Baltic Yachts: bringing the true feeling of sailing to superyachts
Baltic Yachts discusses the development of its innovative force feedback system, which puts feeling back into the helm…
Any avid sailor will recognise the importance of being able to feel the sensation of the rudder moving through the water – it provides valuable insight into how the vessel is balanced and responding in relation to its sail trim and weather conditions. As sailing yachts increase in size and loads become greater, hydraulic power has been needed to move the larger rudders and, as a result, there is little-to-no feeling in the helm. As an innovative solution to this, Baltic Yachts has developed a force feedback system to bring back the feeling that is so intrinsic to sailing.
By further developing technology used in car power steering, Baltic’s engineers worked with Swiss specialist engineering company Esoro to design a system that mimics the loads created by the action of waves and side forces from water flow on the rudder and simulates the feeling electronically through to the yacht’s helm. This steering system essentially gives the helmsperson a true sensation of the yacht’s behaviour.
“When we started looking into such a system, there were some hydraulically-driven solutions available on the market,” explains Roland Kasslin, head of research and development at Baltic Yachts. “But we wanted to develop a system with true feedback, which meant the use of electrical actuators, load sensors and small electrical drives behind the helm with no physical mechanical link between the rudder and the helm. Electrical actuators operating via a lever arm to the rudder transfer signals of the loads they are experiencing to the helm station electrically, meaning that there can be an unlimited distance between the rudder and the helm station.”
“We wanted to develop a system with true feedback, which meant the use of electrical actuators, load sensors and small electrical drives behind the helm with no physical mechanical link between the rudder and the helm.”
This makes the system very applicable to large yacht projects, where the helm could be located at a considerable distance from the rudder(s). The system can be scaled up and down depending on the size of the project and is particularly beneficial for saving on internal volume around the rudder stock as it does not require a large steering quadrant to assist with the loads. The technology has so far been installed on Baltic 175 Pink Gin, and it was thanks to the client’s passion for innovation that the system was developed in the first place.
“The steering system works very well and both the crew and professional racing helmsmen have been impressed with the feeling whilst sailing,” comments the captain of Pink Gin. “The ability to feel the forces through the rudder when sailing is very important and the system has delivered this function well. Minor glitches are expected in such a system that is first off the shelf but we have suffered very few, we are now pushing the boundaries of what is possible with this intelligent system, any future takers will benefit from the knowledge that it has been fully tested on Pink Gin.”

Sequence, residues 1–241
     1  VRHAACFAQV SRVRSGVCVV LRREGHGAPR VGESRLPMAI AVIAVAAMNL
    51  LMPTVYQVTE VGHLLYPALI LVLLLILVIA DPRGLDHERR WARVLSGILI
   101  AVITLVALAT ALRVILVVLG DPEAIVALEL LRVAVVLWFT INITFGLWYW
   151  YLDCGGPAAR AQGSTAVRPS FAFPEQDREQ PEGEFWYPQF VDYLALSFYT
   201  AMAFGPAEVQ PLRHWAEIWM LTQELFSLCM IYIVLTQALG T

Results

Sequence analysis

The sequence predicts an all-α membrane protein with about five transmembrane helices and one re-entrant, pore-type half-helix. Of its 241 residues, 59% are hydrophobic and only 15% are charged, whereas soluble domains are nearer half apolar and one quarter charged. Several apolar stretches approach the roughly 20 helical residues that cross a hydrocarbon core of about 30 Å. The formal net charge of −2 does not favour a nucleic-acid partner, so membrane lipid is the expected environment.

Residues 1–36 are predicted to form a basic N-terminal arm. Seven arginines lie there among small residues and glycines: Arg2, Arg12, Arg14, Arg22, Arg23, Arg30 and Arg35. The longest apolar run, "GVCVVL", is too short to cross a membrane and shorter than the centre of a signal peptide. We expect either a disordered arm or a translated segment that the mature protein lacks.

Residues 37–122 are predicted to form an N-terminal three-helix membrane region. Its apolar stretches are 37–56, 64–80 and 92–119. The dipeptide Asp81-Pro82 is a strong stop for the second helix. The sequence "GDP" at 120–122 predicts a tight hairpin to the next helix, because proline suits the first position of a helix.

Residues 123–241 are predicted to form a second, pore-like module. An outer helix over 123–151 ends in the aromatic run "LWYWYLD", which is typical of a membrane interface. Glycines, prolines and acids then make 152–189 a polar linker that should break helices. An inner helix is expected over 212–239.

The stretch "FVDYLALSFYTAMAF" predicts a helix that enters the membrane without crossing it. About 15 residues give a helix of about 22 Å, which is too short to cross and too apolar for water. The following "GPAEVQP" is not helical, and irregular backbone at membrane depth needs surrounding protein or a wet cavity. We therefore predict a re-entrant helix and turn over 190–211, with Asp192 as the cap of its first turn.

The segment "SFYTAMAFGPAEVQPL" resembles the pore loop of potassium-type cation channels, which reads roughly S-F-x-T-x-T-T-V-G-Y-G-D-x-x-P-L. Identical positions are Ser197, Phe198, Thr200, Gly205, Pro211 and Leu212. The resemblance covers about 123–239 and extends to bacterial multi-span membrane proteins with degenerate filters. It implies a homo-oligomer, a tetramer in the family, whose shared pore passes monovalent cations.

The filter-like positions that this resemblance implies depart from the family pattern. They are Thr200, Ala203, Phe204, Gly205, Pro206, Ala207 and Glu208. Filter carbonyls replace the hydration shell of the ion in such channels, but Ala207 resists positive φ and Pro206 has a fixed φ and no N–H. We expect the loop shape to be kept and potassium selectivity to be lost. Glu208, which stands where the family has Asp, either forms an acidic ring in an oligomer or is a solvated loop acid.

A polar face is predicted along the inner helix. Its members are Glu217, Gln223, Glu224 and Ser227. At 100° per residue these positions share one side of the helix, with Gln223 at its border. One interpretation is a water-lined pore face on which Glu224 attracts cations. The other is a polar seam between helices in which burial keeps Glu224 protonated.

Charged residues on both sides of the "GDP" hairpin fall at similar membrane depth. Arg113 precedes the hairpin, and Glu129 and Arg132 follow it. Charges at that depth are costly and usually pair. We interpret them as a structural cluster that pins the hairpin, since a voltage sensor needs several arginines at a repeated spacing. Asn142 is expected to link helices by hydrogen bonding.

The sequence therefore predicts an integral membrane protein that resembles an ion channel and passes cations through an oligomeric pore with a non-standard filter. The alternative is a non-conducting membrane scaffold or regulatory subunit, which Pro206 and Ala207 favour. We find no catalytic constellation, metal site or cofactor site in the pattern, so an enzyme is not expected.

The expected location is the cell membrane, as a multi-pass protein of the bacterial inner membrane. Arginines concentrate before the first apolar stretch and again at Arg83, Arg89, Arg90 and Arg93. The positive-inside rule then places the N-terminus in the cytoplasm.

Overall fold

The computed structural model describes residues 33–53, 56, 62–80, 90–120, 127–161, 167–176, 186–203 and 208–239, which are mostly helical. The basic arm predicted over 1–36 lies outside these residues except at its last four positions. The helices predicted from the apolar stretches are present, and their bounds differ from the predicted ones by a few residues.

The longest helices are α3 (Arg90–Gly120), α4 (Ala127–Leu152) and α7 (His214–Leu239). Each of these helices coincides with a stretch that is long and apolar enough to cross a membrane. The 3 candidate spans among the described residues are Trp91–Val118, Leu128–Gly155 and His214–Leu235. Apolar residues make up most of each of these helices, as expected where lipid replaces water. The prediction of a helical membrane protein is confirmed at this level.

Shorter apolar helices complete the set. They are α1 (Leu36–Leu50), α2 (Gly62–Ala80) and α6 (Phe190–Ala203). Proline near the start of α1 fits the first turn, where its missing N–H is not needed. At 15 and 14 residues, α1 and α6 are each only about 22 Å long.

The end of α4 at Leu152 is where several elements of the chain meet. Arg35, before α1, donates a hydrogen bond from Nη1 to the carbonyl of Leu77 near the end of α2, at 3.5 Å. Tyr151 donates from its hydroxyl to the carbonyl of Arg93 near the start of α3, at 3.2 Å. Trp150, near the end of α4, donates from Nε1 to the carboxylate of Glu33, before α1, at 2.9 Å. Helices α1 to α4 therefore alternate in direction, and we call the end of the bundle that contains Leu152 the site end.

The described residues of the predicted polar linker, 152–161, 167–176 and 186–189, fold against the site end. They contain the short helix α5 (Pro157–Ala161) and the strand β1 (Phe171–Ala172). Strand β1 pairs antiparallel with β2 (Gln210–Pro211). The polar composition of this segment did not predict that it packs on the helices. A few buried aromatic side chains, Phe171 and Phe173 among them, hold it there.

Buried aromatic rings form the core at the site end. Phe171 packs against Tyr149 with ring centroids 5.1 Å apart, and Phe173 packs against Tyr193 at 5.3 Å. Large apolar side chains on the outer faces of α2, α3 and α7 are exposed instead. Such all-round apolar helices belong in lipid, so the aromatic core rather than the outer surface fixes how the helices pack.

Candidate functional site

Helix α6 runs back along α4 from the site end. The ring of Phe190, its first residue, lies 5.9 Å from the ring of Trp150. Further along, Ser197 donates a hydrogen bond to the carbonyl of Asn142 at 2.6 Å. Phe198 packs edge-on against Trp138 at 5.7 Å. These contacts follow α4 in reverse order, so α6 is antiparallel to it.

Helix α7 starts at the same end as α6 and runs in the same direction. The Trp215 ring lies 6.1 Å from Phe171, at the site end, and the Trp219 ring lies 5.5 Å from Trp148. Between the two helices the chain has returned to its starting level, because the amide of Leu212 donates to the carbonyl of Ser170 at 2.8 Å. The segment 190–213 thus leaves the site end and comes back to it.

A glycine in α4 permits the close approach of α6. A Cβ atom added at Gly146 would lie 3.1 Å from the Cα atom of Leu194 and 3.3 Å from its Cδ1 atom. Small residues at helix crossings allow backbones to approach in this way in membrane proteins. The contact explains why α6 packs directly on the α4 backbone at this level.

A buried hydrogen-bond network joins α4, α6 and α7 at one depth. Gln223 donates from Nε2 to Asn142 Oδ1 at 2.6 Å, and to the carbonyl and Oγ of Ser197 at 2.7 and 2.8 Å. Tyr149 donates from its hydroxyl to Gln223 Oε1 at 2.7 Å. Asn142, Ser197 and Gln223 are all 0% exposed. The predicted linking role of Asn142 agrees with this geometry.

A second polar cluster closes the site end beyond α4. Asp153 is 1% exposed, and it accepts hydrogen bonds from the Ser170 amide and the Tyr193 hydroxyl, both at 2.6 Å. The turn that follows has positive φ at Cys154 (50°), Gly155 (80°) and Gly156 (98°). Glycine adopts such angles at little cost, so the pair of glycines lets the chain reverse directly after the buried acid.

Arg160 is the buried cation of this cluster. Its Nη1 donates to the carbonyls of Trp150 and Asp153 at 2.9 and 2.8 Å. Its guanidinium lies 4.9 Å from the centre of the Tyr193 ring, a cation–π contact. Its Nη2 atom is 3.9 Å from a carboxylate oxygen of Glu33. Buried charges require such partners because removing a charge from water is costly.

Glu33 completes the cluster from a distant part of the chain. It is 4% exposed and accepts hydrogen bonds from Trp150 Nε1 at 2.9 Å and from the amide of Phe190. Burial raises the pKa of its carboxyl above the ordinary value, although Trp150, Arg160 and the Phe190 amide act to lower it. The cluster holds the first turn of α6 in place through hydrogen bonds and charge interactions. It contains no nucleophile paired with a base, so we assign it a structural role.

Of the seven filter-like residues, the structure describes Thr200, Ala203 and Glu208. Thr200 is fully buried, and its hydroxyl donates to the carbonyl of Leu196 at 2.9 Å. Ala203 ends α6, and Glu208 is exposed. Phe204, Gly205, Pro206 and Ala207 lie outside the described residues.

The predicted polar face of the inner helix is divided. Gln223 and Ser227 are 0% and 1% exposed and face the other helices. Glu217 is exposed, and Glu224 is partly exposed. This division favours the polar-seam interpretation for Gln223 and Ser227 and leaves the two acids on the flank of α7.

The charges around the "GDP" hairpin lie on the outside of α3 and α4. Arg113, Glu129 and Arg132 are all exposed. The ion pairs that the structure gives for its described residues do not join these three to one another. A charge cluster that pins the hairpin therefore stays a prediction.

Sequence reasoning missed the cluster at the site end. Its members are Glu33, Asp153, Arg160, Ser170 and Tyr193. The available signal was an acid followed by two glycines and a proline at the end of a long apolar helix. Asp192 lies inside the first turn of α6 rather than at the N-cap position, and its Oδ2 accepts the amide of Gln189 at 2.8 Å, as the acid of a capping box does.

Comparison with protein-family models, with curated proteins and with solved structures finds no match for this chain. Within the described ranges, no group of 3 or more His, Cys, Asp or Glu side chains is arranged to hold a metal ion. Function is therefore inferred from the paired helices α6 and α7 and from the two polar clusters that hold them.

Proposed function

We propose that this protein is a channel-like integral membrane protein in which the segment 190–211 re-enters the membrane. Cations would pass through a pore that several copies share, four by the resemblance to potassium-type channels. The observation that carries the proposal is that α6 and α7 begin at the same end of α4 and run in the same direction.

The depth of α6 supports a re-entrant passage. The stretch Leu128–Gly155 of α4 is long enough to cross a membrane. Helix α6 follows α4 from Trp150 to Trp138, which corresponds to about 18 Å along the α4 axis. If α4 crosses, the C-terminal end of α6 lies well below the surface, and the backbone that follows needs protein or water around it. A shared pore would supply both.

“The ability to feel the forces through the rudder when sailing is very important and the system has delivered this function well.”
The system was designed to be as flexible as possible, with the ability to customise the amount of assistance the helmsperson requests, depending on their preference for feedback, and have these settings saved under different user profiles on the display. Baltic engineers are able to monitor the system remotely to ensure safety and reliability and to make any additional software changes the crew may desire.
“Having sailed over 60,000 nautical miles, Pink Gin has offered plenty of feedback on the system and, as a result, there has been continuous development and upgrading of the system’s software,” says Kenneth Nyfelt, sales director at Baltic Yachts, adding that Pink Gin’s recent participation in regattas has subjected the system to further scrutiny from top helmspersons. “We have been getting constant ideas about how to further fine tune and optimise the system, including intelligent learning of a helmsman by the system, for example more assistance requested downwind and less upwind.”
The force feedback system is representative of Baltic’s dedication to keep innovating. Having been unable to find an existing solution that suits its clients’ needs, the superyacht builder has instead invested in researching and developing its own. This showcases Baltic’s ability to cast aside traditional approaches, draw on a variety of internal and external expertise, and create a reliable system that gives the true feeling of sailing back to superyacht owners.
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